The English Education System

The English Education System

Children in the UK must attend school from the term after their fifth birthday until the last Friday in June of the school year in which they are 18; they usually transfer from primary to secondary school at age 11 years. Most secondary schools in England are comprehensive; these do not operate a selective entrance system. Parents may choose to home educate their children. If they wish to do this they are asked to contact the Local Authority so that the provision they are making can be approved


For advice about admission to any school in Nottinghamshire please go to:


Pupils in all schools follow the National Curriculum.  In some primary schools the curriculum may be taught through topics covering all the National Curriculum subjects.  In secondary schools pupils study Art and Design, Citizenship, Design and Technology, English, Geography, History, ICT, Maths, Modern Foreign Language, Music, Physical Education, Science, Religious Education and Careers Education until the end of Year 9 when they have some choice as to which subjects they want to take for GCSE.   When choosing which GCSEs your child should take, you may want to consider a qualification in your home language as this will enable them to demonstrate their linguistic ability.

The National Curriculum is divided into five Key Stages:


Foundation stage

Age 3 - 5

Nursery and Reception

Key Stage 1

Age 5 – 7

Year groups 1 – 2

Key Stage 2

Age 7 - 11

Year groups 3 - 6

Key Stage 3

Age 11 - 14

Year groups 7- 9

Key Stage 4

Age 14 - 16

Year groups 9 - 11



Each key stage lasts several years. Schools are free to organise teaching within this time as they think best. Schools create their own plans, term by term and year by year. Pupils are assessed by National Curriculum  tests (known as SATs) at the end of each Key Stage in the month of May:

  • Key Stage 1 assessments in English and Maths are taken at age 7. Teachers will inform parents of their results.
  • Key Stage 2 assessments in English and Maths  are taken at age 11.
  • Key Stage 4 is assessed by levels of achievement in National Qualifications such as GCSE. Most pupils aim to achieve five grades between A* and C.


Although pupils will often take national tests or school examinations at the end of each school year, it is important to note pupils who do badly in these will not usually be kept down and told to repeat that school year.


Ability Groups / Sets

Pupils in primary schools may be placed in ability groups for Literacy and Numeracy work.  In secondary schools pupils may be placed in ability groups called sets for some subjects from year 7.  It is always best to ask which set your child has been placed in for each subject as this will affect the level at which they are taught.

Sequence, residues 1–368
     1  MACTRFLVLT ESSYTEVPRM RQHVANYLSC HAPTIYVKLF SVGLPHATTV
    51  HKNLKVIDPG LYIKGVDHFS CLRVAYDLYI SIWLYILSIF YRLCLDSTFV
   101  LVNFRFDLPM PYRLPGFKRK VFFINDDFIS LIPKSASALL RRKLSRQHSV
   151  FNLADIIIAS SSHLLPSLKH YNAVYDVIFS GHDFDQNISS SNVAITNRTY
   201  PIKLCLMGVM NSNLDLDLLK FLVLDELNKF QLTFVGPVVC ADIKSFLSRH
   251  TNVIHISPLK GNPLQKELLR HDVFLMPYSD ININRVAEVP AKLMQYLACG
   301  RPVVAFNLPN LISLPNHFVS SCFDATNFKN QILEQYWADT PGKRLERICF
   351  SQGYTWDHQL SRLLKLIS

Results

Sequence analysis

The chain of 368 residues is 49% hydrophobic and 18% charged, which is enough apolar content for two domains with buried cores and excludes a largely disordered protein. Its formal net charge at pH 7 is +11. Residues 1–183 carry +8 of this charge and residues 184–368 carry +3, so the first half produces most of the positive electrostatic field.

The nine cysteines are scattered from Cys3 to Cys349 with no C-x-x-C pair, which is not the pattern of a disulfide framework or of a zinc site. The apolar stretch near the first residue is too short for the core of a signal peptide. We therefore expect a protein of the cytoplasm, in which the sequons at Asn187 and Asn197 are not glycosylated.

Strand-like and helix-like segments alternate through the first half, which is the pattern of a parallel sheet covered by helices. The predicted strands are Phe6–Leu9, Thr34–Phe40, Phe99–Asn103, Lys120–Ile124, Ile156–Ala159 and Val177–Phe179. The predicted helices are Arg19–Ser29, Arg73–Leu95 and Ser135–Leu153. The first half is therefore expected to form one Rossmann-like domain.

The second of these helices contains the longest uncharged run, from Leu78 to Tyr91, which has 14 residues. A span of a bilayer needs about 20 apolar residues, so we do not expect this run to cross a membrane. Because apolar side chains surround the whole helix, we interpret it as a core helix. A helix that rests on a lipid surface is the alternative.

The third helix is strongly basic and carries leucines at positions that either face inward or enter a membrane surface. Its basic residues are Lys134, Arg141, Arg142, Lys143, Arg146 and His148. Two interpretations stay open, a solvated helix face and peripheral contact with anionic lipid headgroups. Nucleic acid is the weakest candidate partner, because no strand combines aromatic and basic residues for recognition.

How is my child doing in school?

All schools must provide parents/carers with an annual report on how their child is progressing in each National curriculum subject and the result of any tests they may have taken.  Please ask the school if you would like this to be translated.

Schools often have parents’ evenings at least once a year and will invite you to attend.  These meetings are important as they give you the opportunity to discuss your child’s progress.  You may need to consider whether you will need to take a friend along to help you ask questions or whether you would like the school to arrange for an interpreter to be present.

If your child is making slow progress it is possible that he or she may have special educational needs.  Children with special educational needs (SEN) all have learning difficulties or disabilities that make it harder for them to learn than most children of the same age. These children may need extra or different help from that given to other children of the same age.

The law says that children do not have learning difficulties just because they are learning English as an additional language; however, it is possible that some of these children may have learning difficulties as well. 


Bullying / Racist Incidents

The majority of bilingual pupils enjoy their time in  school but some pupils may encounter difficulties.  It is important that you contact the school immediately if your child experiences any difficulties such as bullying, racism or name calling.  Each  school has an agreed policy and procedures for dealing with such matters.  If you need further support or advice on any cases of bullying or racism please contact the school.



A student may stay on at a school that has post-16 provision and enter what is traditionally known as the 'Sixth Form' or students may go to a 'Further Education College'.